Abstract [en]

The article “Violence reduction or relocation? Effects of United Nations troops presence on local levels of violence” by Laura Peitz and Gregor Reisch is one of several recent articles that explore the local effects of peacekeeping deployments. We provide an overview of accumulated knowledge and conflicting findings, and identify a few remaining gaps in the literature. The finding that more peacekeepers are better at reducing violence has been replicated by several studies, although a few studies have identified conditional effects. Taken together, studies find that peacekeepers can reduce both violence between armed actors and violence against civilians. While Peitz and Reisch do not make a distinction between different perpetrators, previous work suggest that peacekeepers are better at reducing violence against civilians by non-state actors. Peitz and Reisch are thus far one of the few studies that explores the impact of the type of peacekeepers – although the findings are ambiguous. Lastly, there is a tension in the literature between Peitz and Reisch, who claim that peacekeepers diffuse violence to nearby location, and other studies that find no such relocation effect, or even the opposite. Future work should continue to explore the local effects of peacekeeping, directing attention to questions about types of peacekeepers, local conditions as enabling factors, the role of military capabilities (as opposed to capacity), and actions taken on the ground.

Keywords
UN peacekeeping, Local peacekeeping effects, violence against civilians, conflict violence, spatial analysis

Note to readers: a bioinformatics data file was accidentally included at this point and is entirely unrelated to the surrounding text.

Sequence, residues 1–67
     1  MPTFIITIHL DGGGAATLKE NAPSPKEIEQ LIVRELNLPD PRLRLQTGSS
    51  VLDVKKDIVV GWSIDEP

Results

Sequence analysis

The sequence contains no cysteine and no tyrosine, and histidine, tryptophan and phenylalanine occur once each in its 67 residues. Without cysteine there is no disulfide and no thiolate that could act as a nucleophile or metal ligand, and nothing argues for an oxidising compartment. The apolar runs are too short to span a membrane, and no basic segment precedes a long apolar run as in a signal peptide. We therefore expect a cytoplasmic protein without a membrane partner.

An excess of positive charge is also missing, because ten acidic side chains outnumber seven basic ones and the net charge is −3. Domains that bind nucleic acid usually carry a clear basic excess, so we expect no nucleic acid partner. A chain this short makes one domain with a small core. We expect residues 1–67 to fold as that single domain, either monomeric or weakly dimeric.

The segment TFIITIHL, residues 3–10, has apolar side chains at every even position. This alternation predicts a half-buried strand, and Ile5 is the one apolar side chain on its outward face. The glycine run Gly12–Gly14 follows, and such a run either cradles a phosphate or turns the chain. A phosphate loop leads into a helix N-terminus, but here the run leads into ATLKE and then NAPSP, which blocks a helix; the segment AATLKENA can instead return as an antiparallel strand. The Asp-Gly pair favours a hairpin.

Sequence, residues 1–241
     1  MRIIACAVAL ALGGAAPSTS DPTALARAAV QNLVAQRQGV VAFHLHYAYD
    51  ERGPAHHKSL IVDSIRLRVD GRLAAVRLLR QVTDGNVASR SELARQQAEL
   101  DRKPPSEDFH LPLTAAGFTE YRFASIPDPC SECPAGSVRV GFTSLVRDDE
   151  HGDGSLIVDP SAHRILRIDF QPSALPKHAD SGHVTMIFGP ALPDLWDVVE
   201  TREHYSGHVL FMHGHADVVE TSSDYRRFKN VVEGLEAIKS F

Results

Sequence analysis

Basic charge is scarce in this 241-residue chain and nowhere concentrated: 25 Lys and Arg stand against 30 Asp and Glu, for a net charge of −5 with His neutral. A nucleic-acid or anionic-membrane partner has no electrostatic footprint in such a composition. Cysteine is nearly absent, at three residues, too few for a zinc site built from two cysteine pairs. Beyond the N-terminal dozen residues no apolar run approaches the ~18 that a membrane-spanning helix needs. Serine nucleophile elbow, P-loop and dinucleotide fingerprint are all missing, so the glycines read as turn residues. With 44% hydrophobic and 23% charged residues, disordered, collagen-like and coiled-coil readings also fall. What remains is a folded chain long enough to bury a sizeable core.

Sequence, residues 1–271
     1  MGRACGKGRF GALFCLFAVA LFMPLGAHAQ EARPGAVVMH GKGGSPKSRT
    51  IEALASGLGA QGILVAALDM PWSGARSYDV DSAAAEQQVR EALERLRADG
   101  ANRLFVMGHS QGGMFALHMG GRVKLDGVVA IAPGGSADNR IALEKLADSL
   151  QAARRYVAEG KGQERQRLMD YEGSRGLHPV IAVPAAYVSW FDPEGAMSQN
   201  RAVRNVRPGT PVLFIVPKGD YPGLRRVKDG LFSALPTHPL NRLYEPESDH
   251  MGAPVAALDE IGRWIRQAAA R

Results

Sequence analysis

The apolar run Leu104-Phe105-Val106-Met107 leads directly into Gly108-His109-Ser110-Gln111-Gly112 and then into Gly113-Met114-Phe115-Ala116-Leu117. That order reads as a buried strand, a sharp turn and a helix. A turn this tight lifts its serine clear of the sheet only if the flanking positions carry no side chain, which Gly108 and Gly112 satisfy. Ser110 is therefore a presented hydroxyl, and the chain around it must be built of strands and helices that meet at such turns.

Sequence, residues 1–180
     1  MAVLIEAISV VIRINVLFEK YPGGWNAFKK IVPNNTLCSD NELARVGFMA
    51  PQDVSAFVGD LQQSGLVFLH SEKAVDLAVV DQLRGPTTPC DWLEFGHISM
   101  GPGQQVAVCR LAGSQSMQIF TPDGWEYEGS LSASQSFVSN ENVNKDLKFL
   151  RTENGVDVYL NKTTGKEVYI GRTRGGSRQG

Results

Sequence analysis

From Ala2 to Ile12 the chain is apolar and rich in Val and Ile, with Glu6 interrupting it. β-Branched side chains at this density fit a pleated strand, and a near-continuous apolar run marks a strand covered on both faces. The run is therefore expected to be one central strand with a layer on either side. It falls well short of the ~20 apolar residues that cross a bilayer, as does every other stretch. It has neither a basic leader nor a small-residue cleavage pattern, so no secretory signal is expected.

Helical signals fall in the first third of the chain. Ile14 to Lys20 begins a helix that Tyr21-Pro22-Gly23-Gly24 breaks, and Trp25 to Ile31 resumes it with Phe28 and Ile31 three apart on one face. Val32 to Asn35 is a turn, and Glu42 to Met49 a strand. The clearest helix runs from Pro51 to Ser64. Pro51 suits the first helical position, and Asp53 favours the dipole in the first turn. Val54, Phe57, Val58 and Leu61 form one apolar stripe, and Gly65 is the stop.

National Category
Political Science
Identifiers
urn:nbn:se:uu:diva-400393 (URN)10.1007/s42597-019-00020-1 (DOI)
Available from: 2019-12-20 Created: 2019-12-20 Last updated: 2023-10-26Bibliographically approved
Hegre, H., Hultman, L. & Nygård, H. M. (2019). Evaluating the conflict-reducing effect of UN peacekeeping operations. Journal of Politics, 81(1), 215-232
Open this publication in new window or tab >>Evaluating the conflict-reducing effect of UN peacekeeping operations
2019 (English)In: Journal of Politics, ISSN 0022-3816, E-ISSN 1468-2508, Vol. 81, no 1, p. 215-232Article in journal (Refereed) Published
Abstract [en]

Several studies show a beneficial effect of peacekeeping operations (PKOs). However, by looking at individual effect pathways (intensity, duration, recurrence, diffusion) in isolation, they underestimate the peacekeeping impact of PKOs. We propose a novel method of evaluating the combined impact across all pathways based on a statistical model of the efficacy of UN PKOs in preventing the onset, escalation, continuation, and recurrence of internal armed conflict. We run a set of simulations based on the statistical estimates to assess the impact of alternative UN policies for the 2001-13 period. If the UN had invested US$200 billion in PKOs with strong mandates, major armed conflict would have been reduced by up to two-thirds relative to a scenario without PKOs and 150,000 lives would have been saved over the 13-year period compared to a no-PKO scenario. UN peacekeeping is clearly a cost-effective way of increasing global security.

National Category
Social Sciences Interdisciplinary
Identifiers
urn:nbn:se:uu:diva-354690 (URN)10.1086/700203 (DOI)000455040500020 ()
Funder
EU, Horizon 2020, 694640Knut and Alice Wallenberg Foundation, 2014.0162
Available from: 2018-06-21 Created: 2018-06-21 Last updated: 2020-08-17Bibliographically approved
Hultman, L. (2019). Mediation and the prevention of violence against civilians. In: Jonathan Wilkenfeld, Kyle Beardsley, David Quinn (Ed.), Research Handbook on Mediating International Crises: (pp. 296-309). Edward Elgar Publishing